While not closing the door on free agent Barrett Ruud's return, Bucs head coach and defensive coordinator Raheem Morris heaped lots of praise on rookie Mason Foster and Tyrone McKenzie, who are battling for Tampa Bay's starting middle linebacker job.
While it appears Buccaneers general manager Mark Dominik has turned the corner on bringing linebacker Barrett Rudd back, head coach Raheem Morris left the door slightly cracked open, while addressing the media for the first time in training camp on Friday.
“You never close the door on anything,’’ Morris said. “All those guys are always in negotiations, that’s truly a Mark [Dominik] thing. With everything being so close together (free agency and training camp overlapping), it is a little bit different than it has been [in past seasons]. I’m optimistic. I’m a coach, though. Whoever is sitting in those seats (in the classroom) are the guys I’m going to coach.”
Ruud, who is entering his seventh NFL season, expressed his desire for a contract extension over the last two training camps, but the Bucs held firm and denied him a new deal. With his contract expired at the end of the 2010 season, Ruud’s situation has been a hot topic with fans on sports talk radio and on Internet forums.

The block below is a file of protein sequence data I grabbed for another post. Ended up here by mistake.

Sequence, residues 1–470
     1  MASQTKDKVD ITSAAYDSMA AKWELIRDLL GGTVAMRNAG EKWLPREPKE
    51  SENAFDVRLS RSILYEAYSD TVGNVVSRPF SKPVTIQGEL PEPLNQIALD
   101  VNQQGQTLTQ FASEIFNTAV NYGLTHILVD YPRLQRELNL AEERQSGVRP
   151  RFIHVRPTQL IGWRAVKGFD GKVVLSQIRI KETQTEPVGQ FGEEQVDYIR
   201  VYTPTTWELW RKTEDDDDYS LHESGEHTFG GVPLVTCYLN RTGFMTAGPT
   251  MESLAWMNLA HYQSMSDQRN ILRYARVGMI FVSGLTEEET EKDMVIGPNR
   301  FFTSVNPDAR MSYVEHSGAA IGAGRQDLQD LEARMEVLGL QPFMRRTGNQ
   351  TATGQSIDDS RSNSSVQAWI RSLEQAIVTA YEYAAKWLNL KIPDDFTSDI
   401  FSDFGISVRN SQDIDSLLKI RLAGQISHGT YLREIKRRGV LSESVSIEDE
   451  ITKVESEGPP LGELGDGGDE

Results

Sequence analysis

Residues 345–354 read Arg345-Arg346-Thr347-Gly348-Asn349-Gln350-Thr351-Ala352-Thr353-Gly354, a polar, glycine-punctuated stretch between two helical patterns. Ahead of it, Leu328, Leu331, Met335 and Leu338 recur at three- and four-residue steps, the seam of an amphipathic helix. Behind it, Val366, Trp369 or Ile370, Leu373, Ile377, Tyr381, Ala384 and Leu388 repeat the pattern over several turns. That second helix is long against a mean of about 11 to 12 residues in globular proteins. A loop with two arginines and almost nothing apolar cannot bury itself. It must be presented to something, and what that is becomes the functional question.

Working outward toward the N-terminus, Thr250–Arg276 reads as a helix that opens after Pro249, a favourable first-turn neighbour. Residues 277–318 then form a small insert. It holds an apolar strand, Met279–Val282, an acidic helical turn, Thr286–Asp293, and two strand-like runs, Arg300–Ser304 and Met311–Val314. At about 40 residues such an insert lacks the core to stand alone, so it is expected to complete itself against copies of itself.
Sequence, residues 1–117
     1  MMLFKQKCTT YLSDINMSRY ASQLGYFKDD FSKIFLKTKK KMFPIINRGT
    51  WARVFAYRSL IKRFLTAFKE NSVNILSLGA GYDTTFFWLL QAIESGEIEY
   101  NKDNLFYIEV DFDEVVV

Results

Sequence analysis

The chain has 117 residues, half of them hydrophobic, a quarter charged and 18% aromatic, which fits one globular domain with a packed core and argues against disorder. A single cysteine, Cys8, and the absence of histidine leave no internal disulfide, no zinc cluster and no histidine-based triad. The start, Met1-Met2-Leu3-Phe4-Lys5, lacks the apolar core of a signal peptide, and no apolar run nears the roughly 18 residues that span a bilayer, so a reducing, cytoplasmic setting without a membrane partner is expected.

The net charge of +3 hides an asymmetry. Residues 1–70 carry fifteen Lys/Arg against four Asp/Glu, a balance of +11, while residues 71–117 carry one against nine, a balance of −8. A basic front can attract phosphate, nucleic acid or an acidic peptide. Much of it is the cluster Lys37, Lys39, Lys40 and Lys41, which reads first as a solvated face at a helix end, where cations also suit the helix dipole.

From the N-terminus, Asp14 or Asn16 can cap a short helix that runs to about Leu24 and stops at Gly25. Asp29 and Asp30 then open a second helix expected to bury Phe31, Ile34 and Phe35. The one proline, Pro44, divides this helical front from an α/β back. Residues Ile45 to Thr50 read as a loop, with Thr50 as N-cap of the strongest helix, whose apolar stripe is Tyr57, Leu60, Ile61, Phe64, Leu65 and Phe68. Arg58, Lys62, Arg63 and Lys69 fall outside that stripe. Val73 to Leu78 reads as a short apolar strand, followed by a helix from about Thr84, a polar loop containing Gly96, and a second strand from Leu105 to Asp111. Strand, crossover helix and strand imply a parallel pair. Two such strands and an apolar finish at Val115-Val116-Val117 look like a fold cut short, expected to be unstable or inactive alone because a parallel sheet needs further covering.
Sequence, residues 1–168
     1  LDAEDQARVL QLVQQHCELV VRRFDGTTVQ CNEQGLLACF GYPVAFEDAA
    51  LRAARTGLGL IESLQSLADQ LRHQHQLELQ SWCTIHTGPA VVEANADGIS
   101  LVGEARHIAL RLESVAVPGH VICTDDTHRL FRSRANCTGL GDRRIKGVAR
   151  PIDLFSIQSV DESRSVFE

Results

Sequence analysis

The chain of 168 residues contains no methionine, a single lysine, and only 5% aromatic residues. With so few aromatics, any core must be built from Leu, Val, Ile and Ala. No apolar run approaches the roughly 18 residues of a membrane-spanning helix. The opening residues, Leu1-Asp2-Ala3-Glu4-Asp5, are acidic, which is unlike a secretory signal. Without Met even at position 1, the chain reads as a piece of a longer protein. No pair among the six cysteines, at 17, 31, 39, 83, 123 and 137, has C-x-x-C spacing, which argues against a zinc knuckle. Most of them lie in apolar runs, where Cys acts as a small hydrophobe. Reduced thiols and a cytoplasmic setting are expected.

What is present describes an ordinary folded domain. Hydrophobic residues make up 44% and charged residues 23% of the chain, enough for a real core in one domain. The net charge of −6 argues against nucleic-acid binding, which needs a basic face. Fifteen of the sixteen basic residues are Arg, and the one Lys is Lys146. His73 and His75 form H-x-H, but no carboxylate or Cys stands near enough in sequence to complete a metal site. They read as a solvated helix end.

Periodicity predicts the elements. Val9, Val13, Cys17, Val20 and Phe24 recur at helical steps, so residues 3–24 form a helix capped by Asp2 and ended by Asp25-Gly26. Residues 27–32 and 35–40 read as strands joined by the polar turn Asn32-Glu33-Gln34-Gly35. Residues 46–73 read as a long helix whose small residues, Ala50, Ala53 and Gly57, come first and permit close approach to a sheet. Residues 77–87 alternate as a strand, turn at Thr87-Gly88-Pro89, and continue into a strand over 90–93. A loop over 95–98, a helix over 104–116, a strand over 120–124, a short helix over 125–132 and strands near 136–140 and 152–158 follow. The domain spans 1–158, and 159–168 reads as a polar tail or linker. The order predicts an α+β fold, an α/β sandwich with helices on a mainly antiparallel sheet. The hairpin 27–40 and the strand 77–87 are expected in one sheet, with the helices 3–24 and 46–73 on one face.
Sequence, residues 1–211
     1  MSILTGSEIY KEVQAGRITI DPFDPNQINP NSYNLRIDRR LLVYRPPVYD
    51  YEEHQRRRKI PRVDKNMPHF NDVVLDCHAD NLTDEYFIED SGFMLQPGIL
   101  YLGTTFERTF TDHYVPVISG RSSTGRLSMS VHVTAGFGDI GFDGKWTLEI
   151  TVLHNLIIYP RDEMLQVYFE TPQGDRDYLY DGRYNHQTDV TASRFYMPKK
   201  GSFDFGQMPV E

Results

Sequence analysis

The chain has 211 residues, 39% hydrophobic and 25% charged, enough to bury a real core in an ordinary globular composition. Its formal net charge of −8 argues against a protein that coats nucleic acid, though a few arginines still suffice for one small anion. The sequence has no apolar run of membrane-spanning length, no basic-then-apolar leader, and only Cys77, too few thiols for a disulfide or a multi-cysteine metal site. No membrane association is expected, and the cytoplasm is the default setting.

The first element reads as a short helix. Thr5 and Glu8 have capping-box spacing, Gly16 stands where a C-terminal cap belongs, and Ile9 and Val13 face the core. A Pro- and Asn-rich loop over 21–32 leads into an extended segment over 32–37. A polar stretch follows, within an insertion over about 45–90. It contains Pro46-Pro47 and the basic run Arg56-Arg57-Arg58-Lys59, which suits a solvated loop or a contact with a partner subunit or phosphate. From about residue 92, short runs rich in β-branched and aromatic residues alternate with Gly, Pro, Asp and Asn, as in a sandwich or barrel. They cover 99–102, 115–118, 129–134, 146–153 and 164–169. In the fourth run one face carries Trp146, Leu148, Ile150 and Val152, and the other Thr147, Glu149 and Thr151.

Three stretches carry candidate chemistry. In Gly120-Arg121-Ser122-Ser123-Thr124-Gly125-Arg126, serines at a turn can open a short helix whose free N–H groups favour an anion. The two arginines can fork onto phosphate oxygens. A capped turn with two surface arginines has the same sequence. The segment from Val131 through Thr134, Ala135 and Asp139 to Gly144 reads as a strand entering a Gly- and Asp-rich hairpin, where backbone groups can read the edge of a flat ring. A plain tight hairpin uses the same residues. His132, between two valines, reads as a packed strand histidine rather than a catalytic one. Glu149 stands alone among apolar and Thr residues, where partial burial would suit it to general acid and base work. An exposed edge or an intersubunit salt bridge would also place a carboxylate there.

With the selection of Mason Foster out of Washington in the third-round of the 2011 NFL Draft, it appears the team is prepared to move on. Morris refused to compare Ruud with Foster, or Tyrone McKenzie, who was brought in midway through the 2010 season and started off on the practice squad.
“Unfair question. Barrett has a bunch of games under his belt,” said Morris, when asked what skills Foster and McKenzie may have over Ruud. “[McKenzie and Foster] bring a wealth of inexperience. They bring youth and they bring eagerness to go out there and win football games. It’s hard to say what they bring that Barrett doesn’t [have]. I can tell you what Foster does well and I can tell you what McKenzie does well, but to word it like that and make it come out to say what Barrett can’t do, would be wrong, and an inaccurate statement.